What the pictures did was give crime, and particularly the xenophobic attacks, human faces – both of the victims and the perpetrators. Through Oatway’s pictures, we got to know Sithole and the difficult life he led to make a living to support his family in Mozambique. We got to see the pain he endured at the hands of South Africans.
The pictures we have seen of those involved in violence and looting have been of mobs running through the streets. Oatway’s pictures froze that terrible spot in time so we could see the attackers’ faces in the moment, what they looked like as they beat, kicked and stabbed Sithole. We needed to see the pictures not only so the perpetrators could be identified and face the law, but also to bear witness to the young men who could have been good but which society moulded into evil.
They are part of a generation without hope, without jobs and without positive role models, that we sometimes treat as being invisible. They are not.
In announcing the deployment of the South African National Defence Force to hotspots affected by xenophobic violence, Defence Minister Nosiviwe Mapisa-Nqakula called on the media to be responsible in reporting the attacks. It is not clear how foreign nationals being assaulted, shot at and stabbed, and having their belongings looted, can be reported “responsibly” without telling the truth. The media has also been telling the stories of those seeking refuge in temporary shelters and those fleeing the country.
Any effort to suppress these heart-breaking stories and human trauma would be to collude in a country wide cover up. Presenting half-truths or trying to play down the attacks would abet the atrocities and shield the perpetrators.'
There is in fact no way to portray soldiers patrolling the streets in a “patriotic” or positive way. The very fact that the police are unable to contain the situation and require backup from personnel trained for war zones to stabilise volatile areas tells the story without “clever people” having to dress it up.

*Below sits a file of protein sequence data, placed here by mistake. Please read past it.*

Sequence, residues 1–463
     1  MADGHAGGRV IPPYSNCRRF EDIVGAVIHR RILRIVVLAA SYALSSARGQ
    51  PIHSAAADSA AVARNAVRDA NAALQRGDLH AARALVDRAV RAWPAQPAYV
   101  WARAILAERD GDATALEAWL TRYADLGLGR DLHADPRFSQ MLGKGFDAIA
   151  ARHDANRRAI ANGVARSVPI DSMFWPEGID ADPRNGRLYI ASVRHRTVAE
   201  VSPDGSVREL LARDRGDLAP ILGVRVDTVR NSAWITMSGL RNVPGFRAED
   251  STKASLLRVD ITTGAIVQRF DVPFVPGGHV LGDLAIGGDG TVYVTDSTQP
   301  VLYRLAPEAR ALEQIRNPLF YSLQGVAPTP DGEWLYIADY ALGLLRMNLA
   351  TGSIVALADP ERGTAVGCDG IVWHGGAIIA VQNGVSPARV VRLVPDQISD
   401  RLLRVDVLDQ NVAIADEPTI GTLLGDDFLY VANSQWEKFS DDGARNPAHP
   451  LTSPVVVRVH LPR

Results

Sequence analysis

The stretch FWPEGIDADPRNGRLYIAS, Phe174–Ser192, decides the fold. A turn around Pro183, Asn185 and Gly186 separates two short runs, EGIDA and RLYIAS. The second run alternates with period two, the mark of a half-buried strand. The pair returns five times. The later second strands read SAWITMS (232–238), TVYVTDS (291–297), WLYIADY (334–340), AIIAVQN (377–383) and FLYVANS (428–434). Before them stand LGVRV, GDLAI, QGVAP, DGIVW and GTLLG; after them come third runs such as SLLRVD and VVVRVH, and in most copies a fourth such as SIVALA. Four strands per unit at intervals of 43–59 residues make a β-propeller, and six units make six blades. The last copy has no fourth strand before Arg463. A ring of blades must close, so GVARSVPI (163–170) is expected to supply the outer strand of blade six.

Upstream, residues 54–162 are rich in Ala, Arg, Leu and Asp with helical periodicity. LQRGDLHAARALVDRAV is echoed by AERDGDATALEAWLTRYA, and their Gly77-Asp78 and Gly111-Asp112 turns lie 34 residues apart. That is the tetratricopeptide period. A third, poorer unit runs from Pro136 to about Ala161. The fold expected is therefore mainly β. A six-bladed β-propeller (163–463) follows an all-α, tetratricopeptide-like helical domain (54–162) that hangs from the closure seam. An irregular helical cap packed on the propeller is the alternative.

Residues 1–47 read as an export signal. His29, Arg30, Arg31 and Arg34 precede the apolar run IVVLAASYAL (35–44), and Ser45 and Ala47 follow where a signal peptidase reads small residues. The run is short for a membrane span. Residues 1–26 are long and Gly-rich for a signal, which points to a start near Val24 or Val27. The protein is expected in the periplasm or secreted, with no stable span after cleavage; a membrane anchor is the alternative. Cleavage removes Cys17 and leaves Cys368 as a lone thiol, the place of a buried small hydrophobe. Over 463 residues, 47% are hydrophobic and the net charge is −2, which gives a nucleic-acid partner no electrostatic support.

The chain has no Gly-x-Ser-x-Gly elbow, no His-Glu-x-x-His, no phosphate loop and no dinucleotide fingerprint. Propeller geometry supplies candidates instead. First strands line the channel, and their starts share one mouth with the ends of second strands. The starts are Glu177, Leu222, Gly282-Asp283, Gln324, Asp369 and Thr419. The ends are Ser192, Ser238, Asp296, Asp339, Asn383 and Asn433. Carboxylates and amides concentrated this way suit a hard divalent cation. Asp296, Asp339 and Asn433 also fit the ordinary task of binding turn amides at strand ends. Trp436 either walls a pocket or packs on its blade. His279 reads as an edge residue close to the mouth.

Zulu King Goodwill Zwelithini on Monday called for the media’s role in the xenophobic violence to be investigated. At an imbizo in Durban, he claimed the media had quoted his comments about foreign nationals out of context and also said there were “people who want to pit us against each other.” “What I see in newspapers is that people are fed [lies],” the king said.
At the court appearance of Sithole’s attackers at the Alexandra Magistrates Court on Tuesday, journalists were intimidated by members of the community. Photographers were warned not to take pictures of people who had come to support the accused. It is concerning when journalists are viewed as the enemy and prevented from doing their jobs.
The South African media operates in a relatively free environment and is able to stand up and fight for its freedoms when these are threatened. Still, it is concerning that people in authority wholly misunderstand the role of the media in democratic society and attempt to demonise journalists. The constant effort to encourage toadying under the guise of “patriotic” journalism is even more concerning.
As we have seen in countries where democracy has been compromised or with repressive regimes, a kowtowing media cannot hide their failures and abuses from the rest of the world. All they do, perhaps, is temporarily hide the truth from some of their own citizens.
South Africa will hopefully continue to reject any attempt to suppress information and insist that the truth, no matter how ugly, or disturbing, be told.
History teaches us that, no matter what, the truth will always find the way out. It did on Marikana, it did on Nkandla, it will in many more situations, even when signal jammers and repressive legislation try to conceal it.
South Africa’s troubles are plentiful, and the mission to tackle the fundamental problems is colliding with some people’s greed and ambition. As long there’s a free and intelligent media, there is a chance that these will be exposed and resources will be directed where they should be.
Sunshine media will never be able to play that crucial role; PR can go only so far.
The only reason those in power would want the truth concealed is because it would be an indictment on their leadership. It is not the country that “looks bad;” it is they who fail us. In so many ways.
(c) 2015 Daily Maverick